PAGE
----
Only the twelve men and women on the jury that convicted Jason Van Dyke of 2nd-degree murder will know what motivated their decision. The shooting death of Laquan McDonald and the subsequent release of dashcam video showing the incident has further widened the gap between Chicago police and the people they serve.
There have already been plenty of protests as well as political repercussions. Police Superintendent Garry McCarthy was fired shortly after the video was released. Mayor Rahm Emanuel went from being a rising superstar for the Democrats to choosing not to run for reelection. Cook County State’s Attorney Anita Alvarez was voted out of office.
One thing is certain. Had the jury not convicted Van Dyke, Chicago would be a huge riot zone today. Property would be burning. Fights would be breaking out. Guns would be used in a city that’s not supposed to have guns. It would be chaos unlike anything the city has seen in decades.
Did the jury convict to save Chicago?
The two pieces of evidence that made conviction easy were the attempted police coverup of the events and the dashcam video. The coverup will lead to more trials, keeping the wounds from the shooting open in Chicago for a while. But the video was likely all that was needed for jurists to justify their decision.
Here’s the incident itself. Warning: It is graphic.
This appears to be a situation where use of non-lethal force such as a stun gun would seem appropriate. The knife-wielding McDonald was clearly dangerous. He was energized by a false sense of invulnerability by the PCP coursing through his veins. Walking in the middle of the street in a threatening manner meant that he needed to be taken down.
But he could and should have been taken down without 16 bullets being fired at him. He didn’t lunge at the police as was originally reported. He represented a clear and present danger to the police and everyone around, but with multiple officers around and an empty street, the need for lethal force is hard to argue.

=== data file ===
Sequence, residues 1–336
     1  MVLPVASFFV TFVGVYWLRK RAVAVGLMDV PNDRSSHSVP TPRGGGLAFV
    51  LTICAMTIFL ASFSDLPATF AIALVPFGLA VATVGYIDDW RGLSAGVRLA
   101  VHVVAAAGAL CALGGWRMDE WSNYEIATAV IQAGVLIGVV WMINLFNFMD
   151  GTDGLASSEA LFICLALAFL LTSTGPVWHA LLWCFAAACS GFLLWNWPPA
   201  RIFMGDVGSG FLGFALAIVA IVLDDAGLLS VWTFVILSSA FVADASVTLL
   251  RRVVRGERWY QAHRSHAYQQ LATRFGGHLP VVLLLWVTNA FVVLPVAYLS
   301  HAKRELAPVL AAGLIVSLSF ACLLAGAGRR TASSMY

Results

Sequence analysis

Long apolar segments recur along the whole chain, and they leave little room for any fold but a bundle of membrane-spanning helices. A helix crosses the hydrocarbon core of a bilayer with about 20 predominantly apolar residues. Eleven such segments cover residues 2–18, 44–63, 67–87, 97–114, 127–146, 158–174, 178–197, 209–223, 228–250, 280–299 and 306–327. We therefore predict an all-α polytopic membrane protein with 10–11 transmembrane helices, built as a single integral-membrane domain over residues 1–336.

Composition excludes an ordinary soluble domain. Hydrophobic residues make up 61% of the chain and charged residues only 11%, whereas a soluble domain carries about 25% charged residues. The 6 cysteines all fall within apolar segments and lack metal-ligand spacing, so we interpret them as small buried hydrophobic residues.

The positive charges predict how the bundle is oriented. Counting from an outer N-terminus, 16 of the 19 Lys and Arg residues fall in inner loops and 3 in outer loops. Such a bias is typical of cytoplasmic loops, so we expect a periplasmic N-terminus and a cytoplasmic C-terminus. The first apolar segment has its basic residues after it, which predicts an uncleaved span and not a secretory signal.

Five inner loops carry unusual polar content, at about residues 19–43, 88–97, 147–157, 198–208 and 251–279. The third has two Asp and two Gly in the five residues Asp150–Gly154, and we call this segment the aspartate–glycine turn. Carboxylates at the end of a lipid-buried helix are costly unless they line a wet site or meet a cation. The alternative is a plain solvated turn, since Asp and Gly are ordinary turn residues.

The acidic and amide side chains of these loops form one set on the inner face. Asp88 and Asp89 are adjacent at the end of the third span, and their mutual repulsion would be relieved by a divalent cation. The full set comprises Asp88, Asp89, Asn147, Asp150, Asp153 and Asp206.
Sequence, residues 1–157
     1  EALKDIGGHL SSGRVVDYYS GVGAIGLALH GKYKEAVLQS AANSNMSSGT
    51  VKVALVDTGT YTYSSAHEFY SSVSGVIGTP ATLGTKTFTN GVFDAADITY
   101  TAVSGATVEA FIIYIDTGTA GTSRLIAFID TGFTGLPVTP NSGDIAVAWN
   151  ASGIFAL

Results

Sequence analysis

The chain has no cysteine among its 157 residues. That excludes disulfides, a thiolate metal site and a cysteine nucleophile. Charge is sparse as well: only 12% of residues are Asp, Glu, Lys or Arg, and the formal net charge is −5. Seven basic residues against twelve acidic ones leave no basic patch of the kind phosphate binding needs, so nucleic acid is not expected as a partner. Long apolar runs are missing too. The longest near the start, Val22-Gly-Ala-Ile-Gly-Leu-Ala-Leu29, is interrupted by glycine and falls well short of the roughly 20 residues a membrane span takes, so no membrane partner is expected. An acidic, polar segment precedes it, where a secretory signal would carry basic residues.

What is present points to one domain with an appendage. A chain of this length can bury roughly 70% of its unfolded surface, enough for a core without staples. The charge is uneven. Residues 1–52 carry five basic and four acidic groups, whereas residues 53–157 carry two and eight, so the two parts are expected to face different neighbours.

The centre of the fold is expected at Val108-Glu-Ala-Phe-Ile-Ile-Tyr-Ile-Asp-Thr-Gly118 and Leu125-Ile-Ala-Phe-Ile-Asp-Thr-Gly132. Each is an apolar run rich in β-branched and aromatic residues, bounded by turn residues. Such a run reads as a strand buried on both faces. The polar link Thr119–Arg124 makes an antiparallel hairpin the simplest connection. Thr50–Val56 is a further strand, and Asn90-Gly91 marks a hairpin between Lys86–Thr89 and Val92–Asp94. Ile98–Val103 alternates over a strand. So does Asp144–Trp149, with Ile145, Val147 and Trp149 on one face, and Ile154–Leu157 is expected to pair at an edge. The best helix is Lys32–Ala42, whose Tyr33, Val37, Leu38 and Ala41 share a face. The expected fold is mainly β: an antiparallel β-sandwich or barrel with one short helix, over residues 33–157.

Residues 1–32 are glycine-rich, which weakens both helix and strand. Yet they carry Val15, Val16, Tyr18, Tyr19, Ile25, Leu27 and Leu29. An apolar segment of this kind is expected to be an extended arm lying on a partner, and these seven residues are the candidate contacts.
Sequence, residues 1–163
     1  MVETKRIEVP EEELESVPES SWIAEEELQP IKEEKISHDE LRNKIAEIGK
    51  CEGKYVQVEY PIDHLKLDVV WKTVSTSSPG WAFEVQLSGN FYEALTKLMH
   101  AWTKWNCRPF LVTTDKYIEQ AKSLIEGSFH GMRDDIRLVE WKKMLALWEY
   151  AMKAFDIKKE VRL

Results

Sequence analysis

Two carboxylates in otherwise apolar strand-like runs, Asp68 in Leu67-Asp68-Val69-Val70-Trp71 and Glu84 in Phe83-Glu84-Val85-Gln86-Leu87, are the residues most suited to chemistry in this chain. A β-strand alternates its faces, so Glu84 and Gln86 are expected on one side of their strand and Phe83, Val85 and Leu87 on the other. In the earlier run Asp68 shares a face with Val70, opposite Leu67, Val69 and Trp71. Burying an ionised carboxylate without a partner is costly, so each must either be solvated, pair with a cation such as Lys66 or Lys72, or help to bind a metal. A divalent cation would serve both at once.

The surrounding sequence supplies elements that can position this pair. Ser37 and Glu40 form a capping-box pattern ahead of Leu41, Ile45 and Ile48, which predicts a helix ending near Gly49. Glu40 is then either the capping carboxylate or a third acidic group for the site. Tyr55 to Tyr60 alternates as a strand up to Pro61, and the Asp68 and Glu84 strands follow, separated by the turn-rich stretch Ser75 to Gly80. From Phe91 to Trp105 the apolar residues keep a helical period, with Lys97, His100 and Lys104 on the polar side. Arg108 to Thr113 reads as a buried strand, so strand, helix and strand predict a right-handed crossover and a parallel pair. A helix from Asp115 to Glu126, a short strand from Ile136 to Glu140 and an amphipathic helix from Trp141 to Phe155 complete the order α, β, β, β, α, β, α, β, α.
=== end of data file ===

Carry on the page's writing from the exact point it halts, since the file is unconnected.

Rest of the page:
A tougher job than most realize
The infamous 21-foot-rule says that a person wielding a knife can kill a person carrying a gun if they’re within 21 feet of their target. This rule applies to holstered weapons with their safety applied. Van Dyke’s and other officers’ guns were out and ready to be fired. Nevertheless, McDonald was much closer than 21 feet when he spun around just prior to being shot.
Did Van Dyke fear for his life? It’s possible. What many citizens do not acknowledge is that situations like the ones police face with assailants like McDonald require extremely difficult split-second decisions. It’s easy to say McDonald was not a real threat for people watching the video, but being tasked with taking him down 14 feet away makes it very difficult to know when to shoot.
Here’s a Mythbusters video that put the 21-foot-rule to the test.
Being a cop is a tough job. I personally support the police and their decision-making the vast majority of the time. This particular incident is challenging to defend. I stand by my assertion that non-lethal force could have been used.
It can be debated whether or not Van Dyke should have been convicted of 2nd degree murder. Chicago is not burning as a result. Should that justify the verdict or did it stand alone on its own merits? Only those in the jury box know for sure.